In March of this year, my article discussed one of the more common causes of dull/achy pain at the hip and buttock (called piriformis syndrome).

“Piriformis syndrome” is caused by pinching or compression of the sciatic nerve as it exits the back of the pelvis, deep within the buttock. The sciatic nerve typically exits the back of the pelvis immediately adjacent to a muscle, called the piriformis muscle, deep within the buttock.

For various reasons, the piriformis muscle can go into spasm and pinch the sciatic nerve. This will result in pain along the back of the thigh and knee, with further pain and/or numbness extending to the calf and as far down as the sole of the foot. These symptoms are commonly called “sciatica.”

Once an accurate diagnosis of “piriformis syndrome” is made by your chiropractor, the first step is to alleviate the spasm of the muscles (piriformis muscle) deep in the buttock region. This can be done by using specific deep pressure or massage of the muscle itself.

To do this correctly, you must have a good knowledge of the anatomy of the region. In my office, I also use a mild electrical stimulation modality called “interferential current” to assist further in loosening the tight muscles.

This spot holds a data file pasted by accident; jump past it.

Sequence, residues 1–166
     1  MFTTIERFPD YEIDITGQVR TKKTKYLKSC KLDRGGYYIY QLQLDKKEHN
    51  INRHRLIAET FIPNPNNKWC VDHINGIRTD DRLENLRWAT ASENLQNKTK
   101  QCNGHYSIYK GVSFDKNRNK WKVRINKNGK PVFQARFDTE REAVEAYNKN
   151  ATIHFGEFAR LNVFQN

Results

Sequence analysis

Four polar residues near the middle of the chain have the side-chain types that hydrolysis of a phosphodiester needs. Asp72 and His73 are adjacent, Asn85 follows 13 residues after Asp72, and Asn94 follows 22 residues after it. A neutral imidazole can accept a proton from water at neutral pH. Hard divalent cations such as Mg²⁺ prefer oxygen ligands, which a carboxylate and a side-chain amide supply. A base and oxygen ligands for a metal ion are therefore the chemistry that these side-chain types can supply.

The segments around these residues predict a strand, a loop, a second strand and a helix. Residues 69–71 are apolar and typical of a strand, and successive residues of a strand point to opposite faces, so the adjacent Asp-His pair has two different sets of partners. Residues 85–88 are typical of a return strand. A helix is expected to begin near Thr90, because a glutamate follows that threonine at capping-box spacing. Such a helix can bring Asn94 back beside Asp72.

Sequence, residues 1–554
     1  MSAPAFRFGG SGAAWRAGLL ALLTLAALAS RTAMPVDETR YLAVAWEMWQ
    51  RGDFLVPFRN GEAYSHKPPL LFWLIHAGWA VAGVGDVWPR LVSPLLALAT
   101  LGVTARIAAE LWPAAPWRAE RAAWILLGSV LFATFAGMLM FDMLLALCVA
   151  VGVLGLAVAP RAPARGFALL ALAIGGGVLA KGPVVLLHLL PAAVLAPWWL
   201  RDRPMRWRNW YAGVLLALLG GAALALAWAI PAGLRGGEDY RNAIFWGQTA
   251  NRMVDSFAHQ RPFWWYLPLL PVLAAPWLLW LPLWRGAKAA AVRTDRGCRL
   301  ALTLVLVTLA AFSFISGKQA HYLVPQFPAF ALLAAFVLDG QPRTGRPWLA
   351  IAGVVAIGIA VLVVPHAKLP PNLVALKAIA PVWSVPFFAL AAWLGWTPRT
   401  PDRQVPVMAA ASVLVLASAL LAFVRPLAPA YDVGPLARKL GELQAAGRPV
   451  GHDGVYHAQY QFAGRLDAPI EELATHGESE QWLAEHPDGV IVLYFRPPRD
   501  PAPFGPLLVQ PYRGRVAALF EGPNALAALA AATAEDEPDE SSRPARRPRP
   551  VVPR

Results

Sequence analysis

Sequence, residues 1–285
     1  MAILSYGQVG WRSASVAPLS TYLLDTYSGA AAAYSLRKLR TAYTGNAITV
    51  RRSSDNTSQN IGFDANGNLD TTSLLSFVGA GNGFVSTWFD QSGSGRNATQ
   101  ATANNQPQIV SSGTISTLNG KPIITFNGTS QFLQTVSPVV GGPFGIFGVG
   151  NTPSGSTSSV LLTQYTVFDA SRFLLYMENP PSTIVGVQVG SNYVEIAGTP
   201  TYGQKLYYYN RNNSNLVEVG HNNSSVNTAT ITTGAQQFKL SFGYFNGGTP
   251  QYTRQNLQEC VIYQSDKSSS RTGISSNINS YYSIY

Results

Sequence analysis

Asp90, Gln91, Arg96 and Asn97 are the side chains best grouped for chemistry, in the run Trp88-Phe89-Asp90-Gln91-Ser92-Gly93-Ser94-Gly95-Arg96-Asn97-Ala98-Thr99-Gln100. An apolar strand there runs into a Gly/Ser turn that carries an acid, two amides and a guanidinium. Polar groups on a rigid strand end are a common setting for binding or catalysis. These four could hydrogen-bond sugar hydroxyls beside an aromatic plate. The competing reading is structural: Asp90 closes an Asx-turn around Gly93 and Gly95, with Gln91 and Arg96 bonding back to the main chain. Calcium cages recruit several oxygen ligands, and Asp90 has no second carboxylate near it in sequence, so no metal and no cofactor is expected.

Of equal importance is how well the hip, low back, and pelvic joints are functioning. If there is a restricted range of motion or mobility of any of these joints, the adjacent muscles will have to compensate by working harder as you do your daily activities. This causes chronic muscle spasm and fatigue of the hip and low back muscles, eventually leading to the problem we are discussing.

The most successful and safest way to restore the movement or range of motion to the joints I have described is through chiropractic manipulation.

Depending on the size and age of the person, it can be done very gently or even firmly if necessary. To loosen the muscles, such as the piriformis muscle, I use “trigger point therapy” (deep pressure to release the muscle tension) and have the person perform specific stretches at home.

When the muscle spasm is relieved and the joints are functioning normally, your body is then able to heal itself. Incorporating regular moderate exercise in your daily activities will also help speed along your recovery by keeping the muscles loose and the joints mobile. As I have stated before, only your body can heal itself and health care practitioners should be there to only help it along.  

Finally, if there are activities that your are doing at home or at work that are you think may be aggravating the hip or buttock, discuss with your chiropractor how these things can be changed so they have less of a negative effect.

Dr. Colin Gage was born and raised in Merritt. He’s been helping patients from his clinic at Nicola Valley Chiropractic since 1996.